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People matter in climate change models

Climate change does not discriminate among regions or their inhabitants, but the continued growth of the human population will most likely contribute to the ill-effects of climate change. US researchers writing in the International Journal of System of Systems Engineering suggest an interdisciplinary approach, recruiting expertise from the social sciences, is best for conducting the needed research and model development to move forward in the study of climate change.

Catherine M. Banks and John A. Sokolowski of the Virginia Modeling, Analysis, and Simulation Center (VMASC) at Old Dominion University in Suffolk, Virginia, re-emphasize that the consensus among scientists is that there has been and will continue to be an overall rise in global average temperatures. The Intergovernmental Panel Climate Change (IPCC) supports the scientific predictions that climate change will cause extreme weather conditions including more droughts, heavy precipitation, heat-waves, and hurricanes globally as well as rising sea levels as glaciers and ice shelves melt. The VMASC team points out that there is a significant gap in research regarding the nature of the human-environment interaction with water resources management on policy areas such as health, food security, and nature conservation.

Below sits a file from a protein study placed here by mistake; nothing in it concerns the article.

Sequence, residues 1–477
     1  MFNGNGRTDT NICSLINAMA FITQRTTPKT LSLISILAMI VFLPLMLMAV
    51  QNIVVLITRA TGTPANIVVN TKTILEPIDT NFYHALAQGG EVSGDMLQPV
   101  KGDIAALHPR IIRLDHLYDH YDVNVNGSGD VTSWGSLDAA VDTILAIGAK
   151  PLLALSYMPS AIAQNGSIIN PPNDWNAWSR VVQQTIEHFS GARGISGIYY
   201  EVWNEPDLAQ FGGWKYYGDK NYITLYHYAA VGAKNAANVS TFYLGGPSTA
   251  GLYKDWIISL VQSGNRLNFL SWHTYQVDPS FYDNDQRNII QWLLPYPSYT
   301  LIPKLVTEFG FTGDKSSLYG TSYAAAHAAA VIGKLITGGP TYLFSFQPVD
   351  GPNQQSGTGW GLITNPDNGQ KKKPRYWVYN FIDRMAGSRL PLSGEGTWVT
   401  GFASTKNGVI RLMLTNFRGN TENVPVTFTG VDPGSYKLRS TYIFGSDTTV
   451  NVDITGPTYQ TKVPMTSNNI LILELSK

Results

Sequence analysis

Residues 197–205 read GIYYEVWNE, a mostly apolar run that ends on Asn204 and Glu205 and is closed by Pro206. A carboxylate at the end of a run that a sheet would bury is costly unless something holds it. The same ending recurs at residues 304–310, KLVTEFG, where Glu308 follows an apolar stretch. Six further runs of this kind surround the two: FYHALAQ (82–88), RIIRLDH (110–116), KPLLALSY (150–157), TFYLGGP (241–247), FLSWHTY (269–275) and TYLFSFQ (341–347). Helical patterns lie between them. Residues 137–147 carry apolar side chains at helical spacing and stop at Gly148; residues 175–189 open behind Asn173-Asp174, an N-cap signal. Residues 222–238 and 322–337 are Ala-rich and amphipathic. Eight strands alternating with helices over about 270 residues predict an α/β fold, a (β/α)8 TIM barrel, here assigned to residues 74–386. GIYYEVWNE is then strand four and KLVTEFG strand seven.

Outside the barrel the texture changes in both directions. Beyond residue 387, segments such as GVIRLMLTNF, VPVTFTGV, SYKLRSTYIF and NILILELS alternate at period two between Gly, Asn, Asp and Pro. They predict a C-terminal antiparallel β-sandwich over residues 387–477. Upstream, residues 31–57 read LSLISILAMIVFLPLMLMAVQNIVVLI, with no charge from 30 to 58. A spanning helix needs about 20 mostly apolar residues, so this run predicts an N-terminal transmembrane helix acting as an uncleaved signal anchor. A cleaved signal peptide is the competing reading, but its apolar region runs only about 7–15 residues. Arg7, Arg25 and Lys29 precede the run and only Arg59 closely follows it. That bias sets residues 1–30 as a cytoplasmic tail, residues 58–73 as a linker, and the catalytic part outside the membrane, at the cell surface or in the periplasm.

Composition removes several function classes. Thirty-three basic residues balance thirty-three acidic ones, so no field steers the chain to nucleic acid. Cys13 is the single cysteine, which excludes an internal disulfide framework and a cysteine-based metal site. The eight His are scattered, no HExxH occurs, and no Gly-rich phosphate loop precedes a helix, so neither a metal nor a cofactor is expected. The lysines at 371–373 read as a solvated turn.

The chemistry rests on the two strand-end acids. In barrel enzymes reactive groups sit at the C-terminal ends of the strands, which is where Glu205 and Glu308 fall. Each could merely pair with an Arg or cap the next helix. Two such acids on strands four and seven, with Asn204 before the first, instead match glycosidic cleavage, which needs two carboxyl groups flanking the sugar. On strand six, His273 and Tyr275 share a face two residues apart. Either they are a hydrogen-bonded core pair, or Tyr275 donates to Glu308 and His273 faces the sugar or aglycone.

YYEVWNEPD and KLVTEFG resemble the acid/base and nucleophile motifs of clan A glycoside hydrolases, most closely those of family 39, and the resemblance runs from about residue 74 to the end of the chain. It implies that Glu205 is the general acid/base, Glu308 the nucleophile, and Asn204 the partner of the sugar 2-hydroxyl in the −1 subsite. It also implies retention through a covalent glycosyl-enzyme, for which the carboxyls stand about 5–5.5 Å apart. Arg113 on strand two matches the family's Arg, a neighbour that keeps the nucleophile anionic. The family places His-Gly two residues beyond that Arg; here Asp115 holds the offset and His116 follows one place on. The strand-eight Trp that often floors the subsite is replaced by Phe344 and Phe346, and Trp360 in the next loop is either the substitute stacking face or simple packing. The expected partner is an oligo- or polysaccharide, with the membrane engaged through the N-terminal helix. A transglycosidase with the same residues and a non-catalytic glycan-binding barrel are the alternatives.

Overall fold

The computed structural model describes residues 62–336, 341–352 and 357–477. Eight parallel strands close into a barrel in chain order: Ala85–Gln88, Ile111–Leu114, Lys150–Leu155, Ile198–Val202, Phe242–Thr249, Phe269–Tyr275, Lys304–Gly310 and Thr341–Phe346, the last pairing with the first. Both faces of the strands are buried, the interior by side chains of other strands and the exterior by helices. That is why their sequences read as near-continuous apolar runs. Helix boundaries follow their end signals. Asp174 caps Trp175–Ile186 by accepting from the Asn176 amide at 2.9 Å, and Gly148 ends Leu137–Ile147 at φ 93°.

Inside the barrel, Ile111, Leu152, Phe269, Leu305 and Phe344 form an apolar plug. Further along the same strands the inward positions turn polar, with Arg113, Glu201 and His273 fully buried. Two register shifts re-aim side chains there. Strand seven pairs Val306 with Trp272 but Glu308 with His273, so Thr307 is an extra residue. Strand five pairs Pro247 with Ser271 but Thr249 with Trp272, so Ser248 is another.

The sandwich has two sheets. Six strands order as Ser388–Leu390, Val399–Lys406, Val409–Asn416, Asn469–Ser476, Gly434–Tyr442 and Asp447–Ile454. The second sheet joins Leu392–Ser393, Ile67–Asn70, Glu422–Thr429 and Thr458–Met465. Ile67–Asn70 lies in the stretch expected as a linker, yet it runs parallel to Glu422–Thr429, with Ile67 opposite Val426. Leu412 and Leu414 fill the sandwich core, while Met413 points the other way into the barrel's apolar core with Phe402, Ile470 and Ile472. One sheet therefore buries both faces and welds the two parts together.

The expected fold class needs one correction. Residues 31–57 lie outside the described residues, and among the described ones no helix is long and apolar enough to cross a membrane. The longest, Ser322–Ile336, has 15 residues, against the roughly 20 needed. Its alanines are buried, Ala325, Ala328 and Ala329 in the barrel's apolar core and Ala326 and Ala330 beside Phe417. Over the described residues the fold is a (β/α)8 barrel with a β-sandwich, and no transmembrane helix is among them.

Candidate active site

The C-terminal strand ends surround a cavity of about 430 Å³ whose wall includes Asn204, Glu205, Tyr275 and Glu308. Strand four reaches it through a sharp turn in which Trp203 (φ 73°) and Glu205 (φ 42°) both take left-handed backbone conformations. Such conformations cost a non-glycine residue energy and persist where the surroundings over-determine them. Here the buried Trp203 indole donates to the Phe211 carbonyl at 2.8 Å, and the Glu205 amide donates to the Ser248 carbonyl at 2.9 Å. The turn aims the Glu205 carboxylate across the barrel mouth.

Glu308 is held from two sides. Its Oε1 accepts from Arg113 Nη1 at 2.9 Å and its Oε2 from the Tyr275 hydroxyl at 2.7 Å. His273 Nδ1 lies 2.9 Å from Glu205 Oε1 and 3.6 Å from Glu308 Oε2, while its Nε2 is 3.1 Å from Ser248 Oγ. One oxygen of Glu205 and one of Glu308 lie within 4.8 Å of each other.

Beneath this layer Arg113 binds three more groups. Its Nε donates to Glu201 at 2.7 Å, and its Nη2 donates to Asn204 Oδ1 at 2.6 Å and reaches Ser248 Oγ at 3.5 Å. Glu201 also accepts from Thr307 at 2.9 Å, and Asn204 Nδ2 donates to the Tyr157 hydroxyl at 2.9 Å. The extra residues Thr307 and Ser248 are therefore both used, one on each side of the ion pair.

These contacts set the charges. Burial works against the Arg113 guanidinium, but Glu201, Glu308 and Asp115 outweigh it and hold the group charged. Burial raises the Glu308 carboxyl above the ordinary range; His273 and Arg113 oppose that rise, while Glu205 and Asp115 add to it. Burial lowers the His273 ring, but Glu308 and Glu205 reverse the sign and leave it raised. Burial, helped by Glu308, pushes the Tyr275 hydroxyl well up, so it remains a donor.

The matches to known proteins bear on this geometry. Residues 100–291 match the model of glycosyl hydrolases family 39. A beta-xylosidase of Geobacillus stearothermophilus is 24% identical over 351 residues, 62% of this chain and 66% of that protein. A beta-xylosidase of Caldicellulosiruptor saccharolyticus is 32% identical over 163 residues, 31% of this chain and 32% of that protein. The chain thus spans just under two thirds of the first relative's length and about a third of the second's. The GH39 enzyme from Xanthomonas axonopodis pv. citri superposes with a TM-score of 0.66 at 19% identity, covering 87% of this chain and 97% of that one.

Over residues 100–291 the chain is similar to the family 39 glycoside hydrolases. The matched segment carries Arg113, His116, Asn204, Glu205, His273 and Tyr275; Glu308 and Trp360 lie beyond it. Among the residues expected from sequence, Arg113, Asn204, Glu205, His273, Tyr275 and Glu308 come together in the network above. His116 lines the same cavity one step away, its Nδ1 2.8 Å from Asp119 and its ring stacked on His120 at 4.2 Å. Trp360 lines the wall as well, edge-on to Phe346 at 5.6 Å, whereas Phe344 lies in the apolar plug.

There are many calls for urgent solutions to the problem of climate change itself including geo-engineering and carbon capture technologies which attempt to reduce concentrations of the greenhouse gas carbon dioxide in the atmosphere. The biggest obstacle in the path of such programs is that individual nations are unlikely to find a way to coordinate the significant effort and resources needed. Banks and Sokolowski concede that such suggestions obviously recognize the urgency of the situation, however, there could be underlying problems with these programs. For instance, localized geo-engineering projects might ameliorate a problem in one region but cause additional problems elsewhere. Thus, it is important to represent, or model, a community before implementing a program like geo-engineering.

The team has now suggested that the modeling of any aspect of climate change and the detailed modeling of the potential human effect on climate change must take into account the human-environment relationship as a complex system; i.e., models must fully characterize and represent the human behavior component on the environment. "Direct experiments on the real world system are not feasible," the team says, "[our] modeling methodology offers an alternative investigation as to how the complex systems found within the human-environment relationship might react to proposed efforts to reverse the effects of climate change."

Contact: Catherine Banks
Inderscience Publishers

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